A Return to Normal Life After Bladder Cancer
Former television engineer Hugh Bennett lived a healthy, active life and felt great, except for the fact he was having difficulty passing urine. He’d also noticed a spot of blood in his urine. His primary care physician, John Peng, MD, of Virginia Mason Lynnwood Medical Center, ordered a CT scan to determine the cause. Dr. Peng called Hugh that evening and told him he was concerned about a spot on his bladder that might be cancer.
Hugh then saw urologist John Corman, MD, who examined Hugh’s bladder and found a very large tumor. Following the biopsy confirming the tumor was malignant, he recommended surgery to remove the bladder, which would be followed by reconstruction surgery to create a new way for urine to leave Hugh’s body.
Urologist Alvaro Lucioni, MD, performed a reconstruction procedure called urinary diversion. There are several types of urinary diversion. Selection of an option is determined by the patient’s preference, the health of the patient’s kidneys and intestines, and if it is the right operation to take care of the bladder cancer. The option selected for Hugh was to create a neobladder fashioned from his intestine. Dr. Lucioni created a urinary reservoir or storage pouch. The pouch was then connected to the urethra. “One benefit of the neobladder is that it is inside the body so urine can pass out of the body normally,” says Dr. Lucioni. “A challenge is that there is no longer the urge to urinate, so Hugh needed to learn to urinate on a consistent schedule.”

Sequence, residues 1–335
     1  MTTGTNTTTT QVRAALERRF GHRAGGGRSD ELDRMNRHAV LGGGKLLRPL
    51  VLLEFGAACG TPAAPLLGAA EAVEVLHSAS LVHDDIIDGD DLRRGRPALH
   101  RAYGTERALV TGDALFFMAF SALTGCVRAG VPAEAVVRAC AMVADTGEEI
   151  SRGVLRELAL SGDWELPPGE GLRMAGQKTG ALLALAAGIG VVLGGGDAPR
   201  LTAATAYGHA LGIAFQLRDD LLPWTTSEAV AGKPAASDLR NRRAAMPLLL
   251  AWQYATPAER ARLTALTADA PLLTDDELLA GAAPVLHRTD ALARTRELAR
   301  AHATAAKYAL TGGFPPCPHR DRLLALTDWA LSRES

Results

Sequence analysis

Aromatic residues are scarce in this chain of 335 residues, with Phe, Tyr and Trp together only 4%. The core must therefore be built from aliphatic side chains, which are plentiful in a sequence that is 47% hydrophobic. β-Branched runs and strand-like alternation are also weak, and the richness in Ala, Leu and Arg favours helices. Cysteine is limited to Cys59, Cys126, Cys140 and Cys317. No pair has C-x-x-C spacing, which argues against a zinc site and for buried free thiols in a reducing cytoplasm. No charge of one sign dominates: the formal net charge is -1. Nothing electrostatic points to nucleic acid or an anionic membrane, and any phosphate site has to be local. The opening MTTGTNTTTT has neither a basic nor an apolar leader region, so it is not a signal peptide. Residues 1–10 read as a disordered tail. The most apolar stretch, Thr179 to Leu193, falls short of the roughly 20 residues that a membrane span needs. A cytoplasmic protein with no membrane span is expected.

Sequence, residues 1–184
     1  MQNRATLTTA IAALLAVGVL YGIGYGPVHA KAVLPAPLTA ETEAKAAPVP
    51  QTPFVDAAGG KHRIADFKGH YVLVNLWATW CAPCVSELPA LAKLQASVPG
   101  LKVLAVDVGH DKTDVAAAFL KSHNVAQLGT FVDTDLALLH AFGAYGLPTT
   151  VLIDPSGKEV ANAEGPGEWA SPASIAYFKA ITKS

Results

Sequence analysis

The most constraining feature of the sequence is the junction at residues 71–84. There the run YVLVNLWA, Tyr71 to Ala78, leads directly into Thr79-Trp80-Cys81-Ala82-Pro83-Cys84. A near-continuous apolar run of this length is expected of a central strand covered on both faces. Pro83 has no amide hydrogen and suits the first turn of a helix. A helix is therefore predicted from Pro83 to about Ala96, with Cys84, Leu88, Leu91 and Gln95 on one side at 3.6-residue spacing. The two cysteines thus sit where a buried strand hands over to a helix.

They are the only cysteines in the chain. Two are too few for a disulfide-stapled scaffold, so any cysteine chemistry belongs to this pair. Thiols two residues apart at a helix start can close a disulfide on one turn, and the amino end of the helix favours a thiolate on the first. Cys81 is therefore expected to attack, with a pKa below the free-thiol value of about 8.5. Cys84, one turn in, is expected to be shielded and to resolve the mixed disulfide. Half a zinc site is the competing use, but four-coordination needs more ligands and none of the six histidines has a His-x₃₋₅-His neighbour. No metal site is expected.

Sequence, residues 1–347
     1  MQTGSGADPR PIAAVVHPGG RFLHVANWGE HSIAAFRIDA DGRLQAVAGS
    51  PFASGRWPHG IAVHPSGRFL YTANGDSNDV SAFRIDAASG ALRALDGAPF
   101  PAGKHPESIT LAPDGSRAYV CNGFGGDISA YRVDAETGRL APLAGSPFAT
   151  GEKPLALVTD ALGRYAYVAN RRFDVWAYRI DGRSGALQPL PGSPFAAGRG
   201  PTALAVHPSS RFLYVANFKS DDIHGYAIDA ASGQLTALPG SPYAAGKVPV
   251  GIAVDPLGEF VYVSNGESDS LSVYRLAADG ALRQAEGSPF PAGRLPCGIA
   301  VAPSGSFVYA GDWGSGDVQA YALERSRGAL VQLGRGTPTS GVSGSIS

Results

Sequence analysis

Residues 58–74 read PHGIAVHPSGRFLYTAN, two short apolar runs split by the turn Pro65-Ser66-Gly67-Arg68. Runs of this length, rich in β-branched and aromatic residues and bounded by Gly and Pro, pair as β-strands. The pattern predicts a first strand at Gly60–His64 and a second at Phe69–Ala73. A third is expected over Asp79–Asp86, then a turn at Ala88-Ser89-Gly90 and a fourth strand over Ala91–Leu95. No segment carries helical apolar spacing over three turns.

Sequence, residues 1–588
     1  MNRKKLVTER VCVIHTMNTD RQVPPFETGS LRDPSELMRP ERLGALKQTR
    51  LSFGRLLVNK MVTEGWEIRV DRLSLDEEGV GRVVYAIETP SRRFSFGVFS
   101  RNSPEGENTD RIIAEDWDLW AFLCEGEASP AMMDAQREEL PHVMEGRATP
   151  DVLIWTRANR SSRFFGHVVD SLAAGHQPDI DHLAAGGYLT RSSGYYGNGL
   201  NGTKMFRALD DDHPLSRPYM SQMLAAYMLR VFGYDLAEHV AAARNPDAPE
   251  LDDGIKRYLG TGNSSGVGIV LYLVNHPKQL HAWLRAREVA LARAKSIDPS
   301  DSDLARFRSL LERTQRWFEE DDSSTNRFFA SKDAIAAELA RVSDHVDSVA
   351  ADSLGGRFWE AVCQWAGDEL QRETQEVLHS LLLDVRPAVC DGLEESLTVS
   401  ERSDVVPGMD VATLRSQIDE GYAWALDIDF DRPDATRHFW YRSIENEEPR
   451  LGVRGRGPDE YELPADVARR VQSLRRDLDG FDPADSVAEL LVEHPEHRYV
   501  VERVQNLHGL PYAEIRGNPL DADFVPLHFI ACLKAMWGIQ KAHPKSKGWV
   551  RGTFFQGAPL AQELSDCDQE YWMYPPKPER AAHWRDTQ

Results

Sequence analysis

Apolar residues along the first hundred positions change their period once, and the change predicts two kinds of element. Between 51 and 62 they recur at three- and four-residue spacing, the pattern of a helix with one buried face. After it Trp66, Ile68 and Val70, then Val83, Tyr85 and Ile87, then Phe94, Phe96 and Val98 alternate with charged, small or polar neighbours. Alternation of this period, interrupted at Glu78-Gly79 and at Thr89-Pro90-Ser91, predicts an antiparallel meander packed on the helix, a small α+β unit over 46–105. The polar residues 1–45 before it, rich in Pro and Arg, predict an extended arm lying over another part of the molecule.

“I admit, I was freaking out,” Hugh recalls. “The thought of having my bladder removed and learning to live with a new one was very frightening. I didn’t know what my life would be like.”
Hugh says the support received from the medical team helped him and his wife, Lynne, get through this difficult time. “Both Dr. Corman and Dr. Lucioni took the time to thoroughly explain my treatment options and listen to my concerns, as well as ease my emotional distress as I came to terms with my condition.”
Another team resource is Theresa Lehan-Anderson, RN. “We’ll be forever grateful for the never-ending support and care Theresa provided. Whether in the home, clinic, hospital or during calls to our home, there was always a tremendous reduction in our stress levels after she patiently answered our questions,” Hugh says. “She gave us the confidence we needed to get through this.”
“We’re extremely grateful to have such a great medical team as our life-after-bladder-cancer treatment continues. Thanks to the people at Virginia Mason and to my wife. I have been truly blessed.”